Hurled water bottles signal end to Nate Diaz-Conor McGregor news conference

Conor McGregor conducts an interview earlier this week in Las Vegas.
(Isaac Brekken / Getty Images)

A late arrival, an early exit and then bedlam.

A news conference starring Saturday’s UFC main-event fighters Conor McGregor and Nate Diaz erupted into a bottle-throwing, expletive-filled melee Wednesday, further fueling their already tense rematch.

UFC President Dana White, angered at the start of the session by McGregor’s late arrival, pulled the plug on the gathering after Diaz and his entourage exited MGM Grand’s David Copperfield Theater with middle fingers raised and objects sent flying in McGregor’s direction.

One of the thrown objects was a heavy roll of black tape that struck McGregor’s girlfriend, Dee Devlin, on the right arm. While she recovered, a bottle of San Pellegrino whizzed by the heads of those nearby.


McGregor was visibly upset and had to be restrained from going after the Diaz group, a Stockton-based gathering dressed in black T-shirts with the phrase “Represent,” which included UFC fighters Gilbert Melendez and Jake Shields.

After Diaz’s exit, casino security and Las Vegas police sought to calm riled fans as McGregor barked “get … out,” to his Saturday night opponent. There were no arrests.

“Sorry guys, see you Saturday,” White said to close the news conference for the anticipated rematch to a UFC 196 card that was the company’s most lucrative pay-per-view event.

McGregor (19-3), the UFC’s featherweight champion, was scheduled in March to fight then-champion Rafael dos Anjos, who injured his foot in training. On short notice McGregor agreed to a 170-pound replacement welterweight bout against Diaz and the favorite McGregor lost by second-round submission.

Conor McGregor talked to Times sports writer Lance Pugmire about the UFC 202 melee and his fight with Nate Diaz.

McGregor, who is Irish, called Wednesday’s episode “handbags,” a slang term in his country meaning a pointless argument akin to two old ladies fighting with purses.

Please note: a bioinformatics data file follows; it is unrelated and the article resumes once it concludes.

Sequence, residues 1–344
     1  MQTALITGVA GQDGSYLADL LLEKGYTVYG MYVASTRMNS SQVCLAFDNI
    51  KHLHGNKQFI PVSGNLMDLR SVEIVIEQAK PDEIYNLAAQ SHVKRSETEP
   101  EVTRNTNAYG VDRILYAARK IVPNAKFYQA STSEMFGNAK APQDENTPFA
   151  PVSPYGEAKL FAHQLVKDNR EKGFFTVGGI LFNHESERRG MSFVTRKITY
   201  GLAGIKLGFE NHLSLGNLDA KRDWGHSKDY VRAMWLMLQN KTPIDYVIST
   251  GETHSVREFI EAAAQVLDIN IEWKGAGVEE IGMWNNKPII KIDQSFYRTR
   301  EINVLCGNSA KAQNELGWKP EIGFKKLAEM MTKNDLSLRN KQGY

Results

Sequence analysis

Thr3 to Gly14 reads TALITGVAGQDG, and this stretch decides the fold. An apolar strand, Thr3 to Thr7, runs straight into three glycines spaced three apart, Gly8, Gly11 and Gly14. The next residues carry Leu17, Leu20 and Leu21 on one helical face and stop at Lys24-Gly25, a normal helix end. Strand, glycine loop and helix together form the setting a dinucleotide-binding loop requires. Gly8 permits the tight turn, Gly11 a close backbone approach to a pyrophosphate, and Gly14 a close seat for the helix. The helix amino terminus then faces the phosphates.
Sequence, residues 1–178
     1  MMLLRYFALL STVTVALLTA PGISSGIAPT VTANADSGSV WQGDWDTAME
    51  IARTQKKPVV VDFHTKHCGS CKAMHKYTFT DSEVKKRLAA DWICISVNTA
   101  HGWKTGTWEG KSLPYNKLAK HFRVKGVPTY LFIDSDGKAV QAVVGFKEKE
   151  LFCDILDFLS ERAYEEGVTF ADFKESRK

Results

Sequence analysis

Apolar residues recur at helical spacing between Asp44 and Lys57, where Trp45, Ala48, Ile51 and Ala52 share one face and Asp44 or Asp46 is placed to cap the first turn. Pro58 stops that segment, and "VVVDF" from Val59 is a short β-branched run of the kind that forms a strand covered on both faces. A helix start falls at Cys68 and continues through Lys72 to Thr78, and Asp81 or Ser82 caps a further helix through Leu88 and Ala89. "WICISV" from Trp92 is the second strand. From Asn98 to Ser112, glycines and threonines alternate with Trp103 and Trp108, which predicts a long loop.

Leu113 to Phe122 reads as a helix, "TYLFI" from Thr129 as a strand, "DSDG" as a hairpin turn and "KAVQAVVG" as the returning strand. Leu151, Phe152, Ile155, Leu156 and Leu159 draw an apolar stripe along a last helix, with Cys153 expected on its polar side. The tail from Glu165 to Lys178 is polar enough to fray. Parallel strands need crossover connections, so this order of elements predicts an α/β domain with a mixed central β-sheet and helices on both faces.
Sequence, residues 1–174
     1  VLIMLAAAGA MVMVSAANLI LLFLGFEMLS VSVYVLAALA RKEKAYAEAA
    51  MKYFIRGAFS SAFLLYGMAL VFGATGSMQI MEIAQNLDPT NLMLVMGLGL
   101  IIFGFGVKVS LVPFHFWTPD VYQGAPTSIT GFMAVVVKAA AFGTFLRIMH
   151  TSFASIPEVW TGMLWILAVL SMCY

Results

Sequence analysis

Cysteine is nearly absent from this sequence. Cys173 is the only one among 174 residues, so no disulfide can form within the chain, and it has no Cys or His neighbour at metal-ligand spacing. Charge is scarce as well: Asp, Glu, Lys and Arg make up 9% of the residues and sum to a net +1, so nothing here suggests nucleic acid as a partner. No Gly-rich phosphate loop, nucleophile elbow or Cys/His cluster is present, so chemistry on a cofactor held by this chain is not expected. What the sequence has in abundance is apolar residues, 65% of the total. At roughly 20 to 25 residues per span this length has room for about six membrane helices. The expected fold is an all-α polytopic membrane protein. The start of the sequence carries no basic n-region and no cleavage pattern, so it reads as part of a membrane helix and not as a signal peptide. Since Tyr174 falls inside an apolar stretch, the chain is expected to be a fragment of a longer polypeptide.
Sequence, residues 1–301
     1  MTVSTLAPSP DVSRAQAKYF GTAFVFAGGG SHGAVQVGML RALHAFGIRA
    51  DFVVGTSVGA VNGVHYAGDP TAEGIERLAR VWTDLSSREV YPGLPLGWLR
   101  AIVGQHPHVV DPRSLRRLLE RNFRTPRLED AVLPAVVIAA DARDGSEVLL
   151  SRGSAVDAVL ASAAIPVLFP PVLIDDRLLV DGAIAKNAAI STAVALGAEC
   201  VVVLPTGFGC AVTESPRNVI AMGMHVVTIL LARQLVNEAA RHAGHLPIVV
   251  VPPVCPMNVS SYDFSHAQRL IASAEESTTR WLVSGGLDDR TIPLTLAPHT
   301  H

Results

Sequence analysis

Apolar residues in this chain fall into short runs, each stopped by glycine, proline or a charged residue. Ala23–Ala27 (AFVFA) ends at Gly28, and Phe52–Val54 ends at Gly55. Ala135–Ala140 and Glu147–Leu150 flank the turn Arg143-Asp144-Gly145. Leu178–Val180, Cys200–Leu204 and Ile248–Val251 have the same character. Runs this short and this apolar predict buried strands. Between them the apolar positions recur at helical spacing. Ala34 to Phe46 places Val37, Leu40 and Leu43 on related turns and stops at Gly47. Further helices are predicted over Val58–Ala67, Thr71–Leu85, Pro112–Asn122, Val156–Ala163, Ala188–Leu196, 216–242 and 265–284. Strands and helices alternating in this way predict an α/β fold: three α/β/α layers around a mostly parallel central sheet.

“If you want to fight, let’s fight,” McGregor said. “We were like, you want to throw bottles? We’ll throw hands.”

The McGregor-Diaz rematch was originally scheduled for July. But it was postponed when McGregor rejected appearing at a news conference and marketing duties to hype that event, remaining in Europe to train.

So White didn’t mask his resentment at McGregor appearing late Wednesday, starting the news conference without him.

“He has to start respecting people’s time, man,” White told reporters. “Yours, theirs, mine …. If it’s over before he gets here, it’s over.”

Diaz added, “It’s rude.”

Diaz (20-10) is a talented southpaw whose punches withered McGregor in the first fight and led to the rear naked chokehold that ended the bout. Diaz said he wasn’t necessarily anticipating Saturday’s bout to be a stand-up striking fest.

“I’m a mixed martial artist — kicking, grappling, everything — it’s a mixed martial arts fight,” Diaz said. “When we get in there, we’ll see what happens.”

After the news conference, McGregor said he’s better prepared this time to handle the weight gain and has sparred with mid-dleweights in an effort to improve his durability and strengthen his punches.

“I see me cutting up his soft skin and I see the referee stopping the fight,” McGregor said. “Wherever it goes, I will dominate him.”

With Thursday workouts and Friday’s weigh-in to come, McGregor and Diaz’s paths will cross again before the fight.

“I’m good,” McGregor said. “I have a fight Saturday night, so I get to punch him in the face.”


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